4. It makes me wonder where these people stand on the continual enslavement of, oh, PEOPLE. I’m sure some of them would look at me with blinky eyes and wonder how come I don’t want to protect the baby whaaaalesss! I like animals, I really do, but please. Orcas do not need constitutional protection.

    • hannah — that’s a GREAT point — you think about the injustice of people STILL being enslaved, but PETA will take all their money to argue for something preposterous.

  5. First, Heinlein is laughing his blowhole off over this. (Satire gets harder every year, simply because the folks that are being satirized get stupider.)

    Second, much as I hate to say it, PETA may have a point. If we could prove that whales in general or even a specific species of whales were sentient (which is not the same thing as proving that they are intelligent), then their captivity by SeaWorld would constitute enslavement. (And the killing of their trainers would be murder; somehow I don’t think PETA has thought that part through.) However, PETA is arguing their premise. Though there is plenty of evidence to show that orcas are intelligent, there is no clear legal or scientific definition of sentience and so the whales may or may not be “people”. Until that evidence is brought forward, the most one could say is that their captivity is distasteful.

    • John — it’s an interesting connection between sentient being to murder. Though I’m sure PETA would argue that they killed only in self-defense. Or maybe, the mackerel made ’em do it defense will be born.

      After posting this, I really should have thrown in a “So long and thanks for all the fish” reference. I was too annoyed to think clearly.

  6. I agree. I’m not surprised at PETA- I already knew they were a bit nutty. But 40% of people agreeing? Yikes.

    But then, the supreme court did recently decide to extend the right to free speech (or at least the right to pay politicians’ campaigns, which was previously deemed to be protected speech) to corporations. So maybe there is a general trend here? (I’m joking. I think.)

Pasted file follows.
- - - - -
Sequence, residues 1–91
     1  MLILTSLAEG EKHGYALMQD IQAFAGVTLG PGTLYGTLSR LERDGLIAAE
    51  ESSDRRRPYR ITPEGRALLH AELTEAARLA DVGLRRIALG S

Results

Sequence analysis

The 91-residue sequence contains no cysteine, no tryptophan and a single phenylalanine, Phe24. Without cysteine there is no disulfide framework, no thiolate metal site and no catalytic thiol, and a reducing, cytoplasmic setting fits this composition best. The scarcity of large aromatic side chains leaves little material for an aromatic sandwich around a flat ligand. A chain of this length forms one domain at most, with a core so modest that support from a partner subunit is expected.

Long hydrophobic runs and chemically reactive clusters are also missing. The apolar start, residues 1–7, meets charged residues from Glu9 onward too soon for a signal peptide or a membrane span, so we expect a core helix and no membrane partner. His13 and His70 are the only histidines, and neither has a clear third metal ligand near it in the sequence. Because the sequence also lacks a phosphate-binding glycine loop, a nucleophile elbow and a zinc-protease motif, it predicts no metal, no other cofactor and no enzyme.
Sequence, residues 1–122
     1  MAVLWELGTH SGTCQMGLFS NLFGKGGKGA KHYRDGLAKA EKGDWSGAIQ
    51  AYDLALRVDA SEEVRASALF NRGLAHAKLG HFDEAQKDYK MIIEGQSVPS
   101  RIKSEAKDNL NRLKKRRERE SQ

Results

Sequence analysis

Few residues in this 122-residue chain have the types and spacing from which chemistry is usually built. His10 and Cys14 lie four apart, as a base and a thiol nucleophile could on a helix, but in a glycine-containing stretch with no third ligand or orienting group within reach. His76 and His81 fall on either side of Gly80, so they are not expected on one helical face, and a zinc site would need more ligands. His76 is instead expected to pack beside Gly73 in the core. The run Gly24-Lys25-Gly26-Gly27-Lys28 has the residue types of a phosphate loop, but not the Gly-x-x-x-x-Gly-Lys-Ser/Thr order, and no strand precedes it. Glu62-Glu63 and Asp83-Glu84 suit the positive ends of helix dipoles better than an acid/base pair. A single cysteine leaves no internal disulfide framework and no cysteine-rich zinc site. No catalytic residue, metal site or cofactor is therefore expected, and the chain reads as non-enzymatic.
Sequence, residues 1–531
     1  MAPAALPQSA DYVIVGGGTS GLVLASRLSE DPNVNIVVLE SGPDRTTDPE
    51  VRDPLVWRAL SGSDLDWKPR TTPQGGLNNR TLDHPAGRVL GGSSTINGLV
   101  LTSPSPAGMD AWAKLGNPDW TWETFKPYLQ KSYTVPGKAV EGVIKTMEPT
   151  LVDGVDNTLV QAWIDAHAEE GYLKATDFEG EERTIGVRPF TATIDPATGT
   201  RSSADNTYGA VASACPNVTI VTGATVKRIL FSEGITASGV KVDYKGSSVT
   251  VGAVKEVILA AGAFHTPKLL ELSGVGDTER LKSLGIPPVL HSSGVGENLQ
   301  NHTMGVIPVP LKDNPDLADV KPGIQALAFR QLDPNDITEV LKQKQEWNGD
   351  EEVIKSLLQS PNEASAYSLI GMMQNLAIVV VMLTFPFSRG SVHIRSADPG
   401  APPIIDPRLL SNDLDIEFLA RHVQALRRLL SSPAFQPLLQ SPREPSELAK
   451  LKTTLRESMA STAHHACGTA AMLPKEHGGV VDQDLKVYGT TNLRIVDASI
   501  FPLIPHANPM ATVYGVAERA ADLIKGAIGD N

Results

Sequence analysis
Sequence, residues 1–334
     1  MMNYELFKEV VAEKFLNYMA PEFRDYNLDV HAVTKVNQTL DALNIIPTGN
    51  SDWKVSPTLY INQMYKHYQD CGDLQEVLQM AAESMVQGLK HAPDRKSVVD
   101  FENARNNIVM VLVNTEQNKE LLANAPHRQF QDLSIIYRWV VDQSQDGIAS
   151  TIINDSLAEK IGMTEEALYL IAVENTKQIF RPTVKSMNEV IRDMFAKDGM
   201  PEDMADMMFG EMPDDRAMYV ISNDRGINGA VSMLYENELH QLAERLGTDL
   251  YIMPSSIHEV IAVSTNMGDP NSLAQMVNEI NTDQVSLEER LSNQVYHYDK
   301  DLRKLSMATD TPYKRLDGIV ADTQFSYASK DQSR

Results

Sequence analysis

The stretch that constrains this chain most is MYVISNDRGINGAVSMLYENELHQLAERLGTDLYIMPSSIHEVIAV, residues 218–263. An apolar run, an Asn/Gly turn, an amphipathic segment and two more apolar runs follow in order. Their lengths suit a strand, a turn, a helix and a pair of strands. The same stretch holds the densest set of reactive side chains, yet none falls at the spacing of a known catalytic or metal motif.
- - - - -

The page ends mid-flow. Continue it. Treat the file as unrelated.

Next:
7. Steve – at first glance it is over the top – I think the problem is that highly effective leaders are off doing something besides teaching moronic humans to respect wildlife, and intelligent Biologists are too afraid / polite / busy with research to become activists. So what you’re left with are these oversexed wingnuts from PETA. However, their core point is correct: we know that most of these captive wild animals have large home ranges, and it is unacceptable to keep a whale in a damned pool. Have you seen zoos that keep nocturnal mammals in glass display cases? How can anyone not be disgusted by that?

    As an analogy, imagine if 2 families abandoned children in the wilderness, no contact with civilization, and then they grew up and had kids, only contact was with each other. Would that make them wild animals? Of course not, they’re still human beings and would probably be better off among other people and in human society (even if it was with a tribe). Zoos and aquariums are the opposite, where (still) wild animals are bred in limiting human spaces and placed in what amounts to display cases for our amusement and the lie that it “saves endangered species”.

    The *only* animals that belong there are injured wildlife that would otherwise be destroyed, and they should not be allowed to breed. But instead, wildlife rehabbers are forced to house “boring” injured species in tiny aviaries and pens, while million-dollar enclosures are reseserved for this horror show of human arrogance. After seeing how this has only grown stronger, I’m all for any legal action that would finally end zoos and aquariums unless they’re non-releaseables.

    Domestic animals, that’s different. They co-evolved with us.

    • I love long comments!

      I don’t disagree that there is a lot of progress to be made on the behalf on animal welfare when it comes to zoos and aquariums, but I think there has been a lot of evolution in the way animals have been kept in the last quarter century and I expect that to continue. I wonder if in time there might be virtual zoos where the coverage is remote to a large, natural habitat.

  8. I sometimes cringe at zoos and seaworld shows, but the fact is the vast majority of these animals are well cared for. And they sure get a lot of kids a huge start in life towards wanting to learn more about animals/conservation/science.

    As for the 40%…it’s like most polls. People with common sense and jobs and better things to occupy their time don’t bother voting.